National unrest in Bahrain has led to the cancellation of the 2011 Formula 1 opening race. Find out how this affects the F1 season inside.

Large scale anti-government protesting in Bahrain has led to the cancelation of the first Formula 1 race of the 2011 season. The decision was made by Bahrain Crown Prince Salman bin Hamad Al Khalifa, the rights owner of the race, according to the Associated Press.

It is unclear if the race date will be rescheduled later in the year. Bahrain has been a stop on the F1 tour for the past seven years.

The final pre-race group test was also slated for the Bahrain International Circuit. It will now be held in Barcelona from March 8-11, according to Reuters.

Prince Salman telephoned F1 chief Bernie Ecclestone to inform him of the decision. Protesting in the Middle Eastern country began in mid-February following pro-democracy protests in Egypt and Tunisia.

"We felt it was important for the country to focus on immediate issues of national interest and leave the hosting of Bahrain's Formula One race to a later date," Prince Salman said in a statement. "After the events of the past week, our nation's priority is on overcoming tragedy, healing divisions and rediscovering the fabric that draws this country together; reminding the world of the very best that Bahrain is capable of as a nation once again united."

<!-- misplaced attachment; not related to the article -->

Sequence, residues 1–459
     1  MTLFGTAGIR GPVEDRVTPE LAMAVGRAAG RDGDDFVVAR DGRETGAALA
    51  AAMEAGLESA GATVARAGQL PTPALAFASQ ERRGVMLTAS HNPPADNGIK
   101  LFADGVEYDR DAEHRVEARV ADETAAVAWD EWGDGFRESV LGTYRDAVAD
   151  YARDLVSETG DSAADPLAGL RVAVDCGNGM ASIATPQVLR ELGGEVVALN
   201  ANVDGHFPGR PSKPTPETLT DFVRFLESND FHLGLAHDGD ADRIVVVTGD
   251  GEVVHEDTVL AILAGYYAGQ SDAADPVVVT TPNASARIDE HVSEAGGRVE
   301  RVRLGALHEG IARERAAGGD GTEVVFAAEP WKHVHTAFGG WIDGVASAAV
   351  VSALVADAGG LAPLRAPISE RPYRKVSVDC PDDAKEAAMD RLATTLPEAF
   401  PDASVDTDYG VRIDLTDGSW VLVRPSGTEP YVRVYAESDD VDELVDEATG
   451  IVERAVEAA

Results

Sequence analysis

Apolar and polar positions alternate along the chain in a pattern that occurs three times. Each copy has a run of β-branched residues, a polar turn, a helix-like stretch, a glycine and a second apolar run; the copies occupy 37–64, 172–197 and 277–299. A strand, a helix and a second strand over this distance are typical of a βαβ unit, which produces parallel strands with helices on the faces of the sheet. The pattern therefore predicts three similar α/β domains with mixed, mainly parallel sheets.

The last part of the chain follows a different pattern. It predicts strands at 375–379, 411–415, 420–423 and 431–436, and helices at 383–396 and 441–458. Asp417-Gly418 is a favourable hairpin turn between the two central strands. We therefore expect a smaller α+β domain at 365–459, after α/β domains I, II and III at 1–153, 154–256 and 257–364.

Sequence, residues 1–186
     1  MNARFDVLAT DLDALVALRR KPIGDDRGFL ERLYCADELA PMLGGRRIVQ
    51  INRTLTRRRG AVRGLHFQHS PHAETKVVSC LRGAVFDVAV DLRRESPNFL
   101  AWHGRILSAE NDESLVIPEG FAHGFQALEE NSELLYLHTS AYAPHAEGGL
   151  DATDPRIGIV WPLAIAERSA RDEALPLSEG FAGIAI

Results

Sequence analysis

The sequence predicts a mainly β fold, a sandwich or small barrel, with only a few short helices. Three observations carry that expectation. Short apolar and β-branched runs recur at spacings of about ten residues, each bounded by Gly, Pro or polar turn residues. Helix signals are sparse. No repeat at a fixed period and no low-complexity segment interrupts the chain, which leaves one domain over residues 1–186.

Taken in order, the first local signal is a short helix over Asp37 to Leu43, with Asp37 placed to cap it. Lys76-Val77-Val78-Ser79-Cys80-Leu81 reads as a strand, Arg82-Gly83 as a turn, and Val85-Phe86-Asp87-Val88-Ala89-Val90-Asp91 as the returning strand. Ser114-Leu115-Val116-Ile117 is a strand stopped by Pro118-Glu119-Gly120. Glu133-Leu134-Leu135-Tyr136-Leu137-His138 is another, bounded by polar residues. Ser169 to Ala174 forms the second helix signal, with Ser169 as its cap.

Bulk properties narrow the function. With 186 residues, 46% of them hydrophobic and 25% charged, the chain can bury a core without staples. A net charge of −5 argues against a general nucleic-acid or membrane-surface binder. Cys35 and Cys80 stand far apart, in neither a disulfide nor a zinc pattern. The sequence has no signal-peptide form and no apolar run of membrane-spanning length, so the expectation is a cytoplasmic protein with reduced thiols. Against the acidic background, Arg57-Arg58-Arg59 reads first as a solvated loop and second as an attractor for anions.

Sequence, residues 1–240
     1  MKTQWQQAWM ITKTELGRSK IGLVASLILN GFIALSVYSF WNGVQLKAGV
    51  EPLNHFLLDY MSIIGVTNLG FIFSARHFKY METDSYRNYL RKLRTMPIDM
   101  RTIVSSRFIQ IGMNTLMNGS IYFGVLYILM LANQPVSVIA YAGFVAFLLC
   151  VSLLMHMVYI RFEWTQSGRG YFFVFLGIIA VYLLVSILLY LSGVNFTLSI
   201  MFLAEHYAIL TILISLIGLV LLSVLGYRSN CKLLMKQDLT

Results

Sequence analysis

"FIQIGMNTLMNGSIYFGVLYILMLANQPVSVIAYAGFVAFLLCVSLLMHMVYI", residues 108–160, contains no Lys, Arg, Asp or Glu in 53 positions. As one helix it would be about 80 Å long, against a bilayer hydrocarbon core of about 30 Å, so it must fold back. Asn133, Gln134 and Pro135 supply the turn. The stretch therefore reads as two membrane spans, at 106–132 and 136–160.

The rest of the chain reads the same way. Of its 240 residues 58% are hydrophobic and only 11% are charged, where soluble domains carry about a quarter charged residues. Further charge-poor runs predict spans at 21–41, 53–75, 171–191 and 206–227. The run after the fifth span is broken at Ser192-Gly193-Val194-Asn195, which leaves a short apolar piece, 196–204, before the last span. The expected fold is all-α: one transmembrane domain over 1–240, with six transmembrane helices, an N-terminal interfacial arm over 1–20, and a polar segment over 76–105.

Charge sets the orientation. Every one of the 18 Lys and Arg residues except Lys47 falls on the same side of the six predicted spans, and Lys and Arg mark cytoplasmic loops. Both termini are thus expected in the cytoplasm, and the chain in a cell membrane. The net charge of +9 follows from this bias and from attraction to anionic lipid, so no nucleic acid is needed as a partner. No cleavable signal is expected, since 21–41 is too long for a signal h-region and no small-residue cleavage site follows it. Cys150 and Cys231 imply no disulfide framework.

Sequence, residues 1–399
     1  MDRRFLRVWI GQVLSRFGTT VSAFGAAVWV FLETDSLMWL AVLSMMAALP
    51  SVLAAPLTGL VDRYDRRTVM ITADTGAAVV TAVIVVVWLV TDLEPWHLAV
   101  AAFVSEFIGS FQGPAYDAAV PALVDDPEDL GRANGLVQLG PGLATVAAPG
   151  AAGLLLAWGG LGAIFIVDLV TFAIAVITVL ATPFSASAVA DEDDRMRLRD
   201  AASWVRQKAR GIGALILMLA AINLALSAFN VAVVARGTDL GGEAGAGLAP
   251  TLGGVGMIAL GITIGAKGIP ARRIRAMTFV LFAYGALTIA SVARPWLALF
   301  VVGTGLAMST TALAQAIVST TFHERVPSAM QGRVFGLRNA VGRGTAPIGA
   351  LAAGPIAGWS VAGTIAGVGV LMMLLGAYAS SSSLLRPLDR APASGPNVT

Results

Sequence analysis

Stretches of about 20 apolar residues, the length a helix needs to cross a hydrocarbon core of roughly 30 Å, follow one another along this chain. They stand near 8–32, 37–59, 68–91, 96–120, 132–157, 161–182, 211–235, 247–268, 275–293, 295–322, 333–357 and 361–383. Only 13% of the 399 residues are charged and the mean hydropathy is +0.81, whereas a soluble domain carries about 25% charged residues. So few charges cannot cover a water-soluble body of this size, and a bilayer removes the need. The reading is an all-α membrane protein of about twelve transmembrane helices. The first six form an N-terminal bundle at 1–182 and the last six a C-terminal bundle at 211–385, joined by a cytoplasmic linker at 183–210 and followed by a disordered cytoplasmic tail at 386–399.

"It is sad that Bahrain has had to withdraw from the race. We wish the whole nation well as they begin to heal their country," Ecclestone reportedly told the AP. "The hospitality and warmth of the people of Bahrain is a hallmark of the race there, as anyone who has been at a Bahrain Grand Prix will testify. We look forward to being back in Bahrain soon."

The next race on the Formula 1 calendar is the Australian GP, set for March 27 at the Melbourne Grand Prix Circuit.

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